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Last edited 01 Mar 2020
|NASA transonic wind tunnel|
A wind tunnel is a device which produces a strong, controlled stream of air to enable the study of the effects of winds and air flow on objects such as cars, aircraft and buildings. It was invented in 1912 by Gustav Eiffel, the designer and engineer of the tower in Paris which bears his name. Although not the world’s first such device, the ‘aerodynamic dynamic blast engine’ was the first to have a diffuser and a collector, thereby setting the mould for modern versions of the machine.
The wind tunnel played a major role during the Second World War and saw further development for the testing of supersonic aircraft during the Cold War. It has developed largely in parallel with the development of aircraft generally and the increasing height of buildings. Wind tunnels can show the optimal design for aerodynamics and wind loading on the ever-increasing surface areas of tall buildings.
The basic structure of a wind tunnel comprises a tube of circular section with a large fan at one end. Circular section, smooth-surfaced tunnels have become the norm as being square produces turbulence due to the corners. Later variants involve air being sucked out at great force to achieve the same effect and may have a series of fans depending on the windspeed required
 Observing air flows
Once a stream of air is pushed through the tunnel, a means is required to observe the air flows around the placed objects. This is usually achieved by various means such as:
- Adding smoke or dye to the air.
- Attaching threads or tufts of yarn to the object.
- Attaching gauges to measure the air pressure at various points.
- Using helium-filled bubbles to show vortices paths on wing tips.
. Typically, wind tunnels may be able to replicate a variety of windspeeds:
- Subsonic (Mach* 0.8).
- Transonic (Mach 1).
- Supersonic (approximately Mach 6).
- Hypersonic (Mach 6-12)
- Hypervelocity (Mach 12+).
High-speed travel usually generates high temperatures on wing tips and other areas. Such scenarios are replicated by heating the air passing through the tunnel to an appropriate temperature, often higher than the melting point of the material being tested.
In the case of buildings and aircraft, scale models are positioned inside the tube and secured tightly in place to determine the effects of applied wind or movement through the air, however some wind tunnels are large enough to accommodate full-size cars, car body parts and even full-size aircraft.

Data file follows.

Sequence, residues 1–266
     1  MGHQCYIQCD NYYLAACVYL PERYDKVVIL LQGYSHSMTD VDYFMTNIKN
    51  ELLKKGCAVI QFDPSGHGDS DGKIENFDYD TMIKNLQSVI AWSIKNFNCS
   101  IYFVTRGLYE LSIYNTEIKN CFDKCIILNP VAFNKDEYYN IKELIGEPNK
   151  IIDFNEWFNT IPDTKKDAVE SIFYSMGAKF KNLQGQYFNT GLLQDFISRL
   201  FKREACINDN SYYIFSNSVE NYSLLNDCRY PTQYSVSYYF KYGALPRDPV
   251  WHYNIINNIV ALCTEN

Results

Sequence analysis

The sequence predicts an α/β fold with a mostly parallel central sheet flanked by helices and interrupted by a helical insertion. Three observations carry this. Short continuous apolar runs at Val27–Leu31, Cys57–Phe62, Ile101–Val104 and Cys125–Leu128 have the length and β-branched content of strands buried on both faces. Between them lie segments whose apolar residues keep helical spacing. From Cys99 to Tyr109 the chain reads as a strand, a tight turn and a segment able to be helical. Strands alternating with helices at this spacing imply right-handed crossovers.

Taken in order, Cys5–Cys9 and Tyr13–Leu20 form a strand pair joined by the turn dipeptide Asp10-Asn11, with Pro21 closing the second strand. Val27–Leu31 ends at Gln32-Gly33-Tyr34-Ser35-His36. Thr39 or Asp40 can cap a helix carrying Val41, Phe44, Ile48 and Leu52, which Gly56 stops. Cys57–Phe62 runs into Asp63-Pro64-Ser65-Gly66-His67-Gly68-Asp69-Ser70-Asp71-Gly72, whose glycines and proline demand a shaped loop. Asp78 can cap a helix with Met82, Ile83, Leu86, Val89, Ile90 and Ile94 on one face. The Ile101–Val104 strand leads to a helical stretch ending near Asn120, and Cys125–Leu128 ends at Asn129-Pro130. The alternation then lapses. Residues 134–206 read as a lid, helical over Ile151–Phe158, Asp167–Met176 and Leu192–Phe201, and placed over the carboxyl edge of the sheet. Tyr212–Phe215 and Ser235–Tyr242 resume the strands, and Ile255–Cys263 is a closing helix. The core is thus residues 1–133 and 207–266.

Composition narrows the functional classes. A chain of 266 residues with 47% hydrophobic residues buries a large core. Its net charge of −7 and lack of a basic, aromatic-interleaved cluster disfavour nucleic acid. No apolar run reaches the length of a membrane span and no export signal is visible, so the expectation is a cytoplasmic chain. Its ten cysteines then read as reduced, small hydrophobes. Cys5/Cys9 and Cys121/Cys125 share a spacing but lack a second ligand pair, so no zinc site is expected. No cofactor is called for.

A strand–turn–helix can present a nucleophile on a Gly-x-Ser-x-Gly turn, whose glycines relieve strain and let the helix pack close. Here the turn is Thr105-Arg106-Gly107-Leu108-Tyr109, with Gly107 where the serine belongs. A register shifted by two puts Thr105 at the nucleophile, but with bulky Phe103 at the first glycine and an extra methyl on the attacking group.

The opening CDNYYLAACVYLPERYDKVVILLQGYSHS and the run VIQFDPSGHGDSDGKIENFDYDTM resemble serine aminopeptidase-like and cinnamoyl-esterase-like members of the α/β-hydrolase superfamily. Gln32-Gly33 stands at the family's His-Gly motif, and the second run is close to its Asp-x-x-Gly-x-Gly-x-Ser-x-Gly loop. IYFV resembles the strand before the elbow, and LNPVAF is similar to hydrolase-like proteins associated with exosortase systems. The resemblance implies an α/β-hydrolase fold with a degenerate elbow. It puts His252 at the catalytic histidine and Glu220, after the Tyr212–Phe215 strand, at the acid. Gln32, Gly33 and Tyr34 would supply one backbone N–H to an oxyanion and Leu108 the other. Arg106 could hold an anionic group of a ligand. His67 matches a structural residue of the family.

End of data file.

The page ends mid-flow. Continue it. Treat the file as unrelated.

Wind tunnel testing of buildings can improve occupant comfort and safety, save on construction costs and help achieve highly individual architectures that might otherwise not have been possible. It is also increasingly used to improve the pedestrian experience, to avoid being blown off course by strong winds which can occur at ground level due to tall-building aerodynamics.
Wind tunnel tests may be conducted on:
- Tall buildings and skyscrapers.
- Other tall structures.
- Clusters of buildings to determine aerodynamic interference.
- Cladding assemblies.
- Long-span or unusual-shaped roofs.
- Long-span bridges.
- Is over 22-storeys in height (or 10 storeys if in a hurricane zone).
- Has an unusual geometry or construction.
- May be adversely affected by surrounding structures.
- Is located amid unusual terrain.
Wind tunnel testing can show how wind flows up, down and around a building, and the sorts of loadings that will have to be borne by the structural frame, whether pushing or suction forces, particularly important for the highest reaches.
Building codes have responded in kind – once wind loads acting on a building are established, codes can be drawn up to ensure structures are robust enough to withstand them. Wind-tunnel testing is particularly useful where a building has an irregular shape.
NB BREEAM UK New Construction, Non-domestic Buildings (United Kingdom), Technical Manual, SD5078: BREEAM UK New Construction 2018 3.0, published by BRE Global Limited defines wind tunnel modelling as: ‘…a versatile physical technique which allows a large number of variables (for example building design, intake and exhaust positions, local pollutant sources, wind speed and direction), to be investigated for complex urban areas. In particular, wind tunnel modelling provides reliable and detailed data, both visual and quantitative, on outdoor pollution distribution. This enables effective siting of intakes and exhausts for both mechanically and naturally ventilated buildings.’
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